Can Armie Hammer Survive a Scandal of This Magnitude? Crisis Managers Weigh In

”Sex addiction is one thing, it’s another to abuse partners,” one insider said of the allegations against the actor
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Let’s say you’re a celebrity in deep media doo-doo. Hollywood crisis PR managers are standing by to smooth over college admissions scandals, doughnut-licking scandals, even the most tawdry sex scandals. Still, how to massage the bizarre allegations against Armie Hammer from ex-paramours? The actor’s career has been in free fall after the New York Post published a series of text messages in which Hammer mused about drinking his ex-girlfriend’s blood and eating one of her ribs. Hammer called the accusations “spurious” and “bullshit.” That didn’t stop WME from dropping him in February or, according to Variety, getting him exiled from two high-profile projects, The Offer and Shotgun Wedding. Hammer’s attorney insists the allegations were created “with the goal of tarnishing” his client’s reputation. Can he bounce back? We asked some of the town’s top spin doctors to weigh in. 


Howard Bragman, La Brea Media: “Armie could do what celebrities usually do when they get into trouble—go into rehab; but in his case, the ultimate L.A rehab: you go in a carnivore and come out a vegan. More seriously, he could point out that all these stories were pushed by the New York Post, which isn’t exactly a trusted news source. I think the only time he addressed it, he said it must be a joke—which was the right way to go. Armie needs to go far away from press for a while. And I wouldn’t serve ribs at his next junket.”

 Ross Johnson, Johnson Public Relations: “I think its really important for him to directly address this issue. Maybe he should come out and declare, ‘I’m not a cannibal.’ As a performer, he’s a distressed property right now; his agent needs to drop his per-movie quote for a while. I’m sure a lot of producers are calling about that right now! I don’t think Armie’s getting canceled—his brand is probably salvageable—but the low-ballers are coming out. I’d say to him, ‘You gotta calm your act down. Shut down all your social media accounts! Don’t do any press for 30 days. And you might want to rethink serious sex scenes right now.’”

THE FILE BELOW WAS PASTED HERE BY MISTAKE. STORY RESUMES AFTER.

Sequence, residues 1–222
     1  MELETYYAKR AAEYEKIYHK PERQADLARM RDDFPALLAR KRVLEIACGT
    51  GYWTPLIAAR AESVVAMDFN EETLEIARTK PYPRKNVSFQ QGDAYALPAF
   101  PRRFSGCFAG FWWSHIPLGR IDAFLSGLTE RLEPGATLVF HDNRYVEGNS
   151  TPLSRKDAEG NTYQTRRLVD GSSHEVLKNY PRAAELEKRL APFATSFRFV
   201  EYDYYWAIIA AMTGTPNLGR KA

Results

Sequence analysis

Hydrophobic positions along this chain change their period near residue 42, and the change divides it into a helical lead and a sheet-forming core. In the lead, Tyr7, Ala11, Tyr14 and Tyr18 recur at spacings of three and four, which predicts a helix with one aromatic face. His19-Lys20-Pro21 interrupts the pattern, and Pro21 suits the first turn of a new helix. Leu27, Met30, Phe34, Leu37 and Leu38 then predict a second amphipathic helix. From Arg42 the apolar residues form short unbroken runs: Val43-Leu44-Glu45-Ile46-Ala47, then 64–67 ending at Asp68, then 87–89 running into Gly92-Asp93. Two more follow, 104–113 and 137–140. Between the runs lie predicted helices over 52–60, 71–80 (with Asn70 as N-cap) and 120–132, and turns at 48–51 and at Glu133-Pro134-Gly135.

Prominent L.A. crisis manager who asked not to be ID’d: “The first thing with Armie is, if any of these allegations are true, he needs to get help, pronto. I would say to him, ‘Unless you’re committed to getting psychological help, I can’t help you.’ Sex addiction is one thing, it’s another to abuse partners. If he says, ‘All of these stories are bullshit’ and turns out to be lying, all his credibility will be gone. He will get caught—no one can outsmart Google. If he agreed to get help, I’d put a statement out: ‘Armie recognizes he was out of control. He’s sorry he caused pain.’ I’d also call a criminal lawyer to find out if he might need one. Now, if he gets help, after a few months I’d give the recovery story to a very legitimate outlet like the New York Times. The public is very forgiving of an illness—not so much a transgression. He has to recognize the bad example he’s set as a public figure.”


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